Wednesday, December 24, 2014

Merry Christmas Eve

I promised the kids (in Caid's family, this means anywhere from 4-14 people) pancakes for Christmas morning. They got all excited today, until I reminded them over a bowl of cereal it was still Christmas EVE.
What an incredible year. Amazing. And more to come. So this is what they meant when they said growing up was like getting on a fast train that never stops...
Here is us, and here is what we have planned:
Man, my hair was long. Here is Living Stones. Here is this year:
For those of you who prefer reading, here is a quick review:
November 2013: Got married
December 2013: Home for Christmas
January 2014: Job hunting
February: first Valentine’s day
March: Commissioned as missionaries, married in Indy and Connecticut
April: SC training in Cali
May: Caid had knee surgery
June: Trek for Transportation
July: Teaching at USF Tampa
August: State Fair summer fun
September: 9 godchildren!
October: Brazil
November: Baby Ferguson in June 2015

We have had the sweetest first year of marriage, representing Living Stones to the USA churches, and working with different clients who have special needs. It has been wonderful to live so close to family and be able to travel to Connecticut, Cali, Florida, and back to Brazil. Caid is graduating (on the president’s list) with his degree (Urban Leadership) early 2015. Rachel is growing a baby, and we are planning to move to Brazil the end of March 2015. Caid will teach music and work  with sports and Living Stones. Rachel will be writing and networking when not having a baby In June.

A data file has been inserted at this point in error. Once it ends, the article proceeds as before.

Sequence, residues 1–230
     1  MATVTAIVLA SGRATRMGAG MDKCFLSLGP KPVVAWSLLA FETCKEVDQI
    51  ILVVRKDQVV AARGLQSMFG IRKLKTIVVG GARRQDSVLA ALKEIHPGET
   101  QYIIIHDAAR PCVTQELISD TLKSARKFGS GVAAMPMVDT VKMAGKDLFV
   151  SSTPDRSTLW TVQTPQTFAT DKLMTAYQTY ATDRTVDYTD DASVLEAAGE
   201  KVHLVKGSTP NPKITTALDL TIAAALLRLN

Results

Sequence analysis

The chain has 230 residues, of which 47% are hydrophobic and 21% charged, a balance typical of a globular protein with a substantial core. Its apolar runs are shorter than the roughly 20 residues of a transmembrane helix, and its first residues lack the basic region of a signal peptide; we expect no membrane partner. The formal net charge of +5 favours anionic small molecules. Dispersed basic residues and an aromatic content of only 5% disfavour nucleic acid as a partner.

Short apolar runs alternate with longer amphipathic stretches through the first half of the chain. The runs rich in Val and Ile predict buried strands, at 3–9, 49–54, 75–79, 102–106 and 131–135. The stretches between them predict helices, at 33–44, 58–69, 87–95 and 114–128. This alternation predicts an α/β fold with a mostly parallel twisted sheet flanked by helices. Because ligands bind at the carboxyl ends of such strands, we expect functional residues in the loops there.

We are working on raising $10,000 for airfare, birthing expenses, and basic relocation costs. AMAZING UPDATE: almost $7,000 has come in!
We are also asking for a small group of faithful monthly supporters, who feel called to minister with us. We need $1,000 more a month for basic living costs.
AMAZING UPDATE: $500 monthly has been promised!
Please let us know if you would like us to come and share about Brazil and what God is doing to your small group or church!

More information about us in Brazil: 
Living Stones blog:
Rachel’s blog:

Merry Christmas everyone!

Monday, December 8, 2014

Sequence of Not Believing

It starts with a doubt: overhearing the older kid say there is no Santa. You turn away, but the doubt clings, just a little. Then it turns into a question--a question that becomes real when you voice it. Then begins your fact finding: conversations, books, internet, hearsay...Who knows what sources can be trusted? And then comes some kind of conclusion. It might be an answer to your question. Maybe you just settle for a vague idea.